The transformative impact of low-code on the SaaS industry in 2023

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Low-code SaaS factory

Amid skyrocketing costs for software developers and a shortage of talent, low-code is fast becoming a faster way to start software companies.

Low-code will create a ripple effect of value creation and wealth transfer affecting software companies, developers, cloud providers and customers.”

– Cary Landis

MORGANTOWN, WV, UNITED STATES, Dec. 15, 2022 / — Amid a global software developer shortage and inflation, low-code is fast becoming a faster way to launch software companies — and is redefining the industry. According to Gartner, by 2025, companies will develop 70% of their new applications with low-code or no-code. If this is true, then low-code development will transform the software industry with the same force that cloud computing disrupted data centers. Small companies will skip big companies. The pace of innovation will explode. History is full of grossly underappreciated technologies that have unexpectedly transformed industries. Cloud computing was one of those forces. Low-code application development is another.

If you haven’t been following low-code application platforms (LCAP) closely, the term refers to online GUI tools for building software applications with more mouse and less coding. With low-code, it is often possible to build business systems in days and thousands of dollars that previously took years and millions of dollars. This is an intentional simplification, but it sets the stage for contemplation. It begs the question, “What will happen to the SaaS and software industry as a whole when low-code becomes the norm rather than the exception?”

The history of computing tells us that those who adapt will thrive and those who don’t will wonder what just happened. Low-code represents a crucial maturation of the cloud computing industry, democratizing SaaS development to a degree reminiscent of the GUI’s influence on desktop computing in the 1980s. The impact will be far-reaching and deep, affecting every aspect of the software development industry. This article examines the transformative impact that low-code will have on the SaaS industry in 2023 and beyond.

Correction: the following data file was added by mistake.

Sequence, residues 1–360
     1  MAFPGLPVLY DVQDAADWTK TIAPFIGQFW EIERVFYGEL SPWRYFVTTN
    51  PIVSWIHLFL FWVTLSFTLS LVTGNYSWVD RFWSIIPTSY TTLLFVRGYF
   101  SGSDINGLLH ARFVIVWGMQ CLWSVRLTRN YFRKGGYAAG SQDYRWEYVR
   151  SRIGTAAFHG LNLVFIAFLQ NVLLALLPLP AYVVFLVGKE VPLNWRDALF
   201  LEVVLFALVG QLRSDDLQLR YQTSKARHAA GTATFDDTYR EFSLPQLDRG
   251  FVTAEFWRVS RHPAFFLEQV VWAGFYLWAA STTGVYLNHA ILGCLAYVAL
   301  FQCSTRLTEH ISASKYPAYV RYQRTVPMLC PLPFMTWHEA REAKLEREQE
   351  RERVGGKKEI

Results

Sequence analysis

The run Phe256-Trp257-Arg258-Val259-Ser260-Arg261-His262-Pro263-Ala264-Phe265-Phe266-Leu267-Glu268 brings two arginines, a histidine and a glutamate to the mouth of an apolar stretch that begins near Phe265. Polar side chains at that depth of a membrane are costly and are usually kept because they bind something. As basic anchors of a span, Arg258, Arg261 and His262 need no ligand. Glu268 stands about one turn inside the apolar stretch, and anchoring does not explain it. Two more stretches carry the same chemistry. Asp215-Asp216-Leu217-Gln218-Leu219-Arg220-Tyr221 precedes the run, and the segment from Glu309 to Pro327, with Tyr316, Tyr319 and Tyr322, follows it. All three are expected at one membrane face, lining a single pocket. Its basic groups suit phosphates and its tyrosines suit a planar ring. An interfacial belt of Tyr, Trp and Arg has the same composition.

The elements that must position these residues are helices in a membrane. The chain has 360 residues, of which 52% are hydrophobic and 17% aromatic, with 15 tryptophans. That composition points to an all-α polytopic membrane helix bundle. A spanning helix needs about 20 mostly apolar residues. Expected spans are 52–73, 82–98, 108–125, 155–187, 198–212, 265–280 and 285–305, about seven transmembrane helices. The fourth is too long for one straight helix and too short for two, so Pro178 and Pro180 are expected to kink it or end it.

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If most new software applications are developed with low-code developers, we need many more low-code developers. Many of today’s low-code developers are making big bucks for their skills, despite the fact that low-code is said to lower developer skill requirements. It’s just supply and demand. If we remember the early days of the cloud, almost anyone could get a good job if they knew how to click a few buttons on the AWS portal, but eventually people caught up. The same will happen to low-code for the next few years as the low-code workforce catches up with growing demand.


As it becomes easy and affordable to participate in the software industry, the next few years will see the long tail of specialized SaaS applications for every imaginable niche. The impact will be similar to that of self-publishing for the book industry. We can expect a rapid emergence of alternative SaaS applications that will overtake long-standing competitors. Why would anyone want to pay $25 per user per month for a SaaS application when there are hundreds of alternatives on the market for a fraction of the cost? In the early days of SaaS, customers didn’t have a choice, but as low-code platforms become more prevalent, we will see more software choices.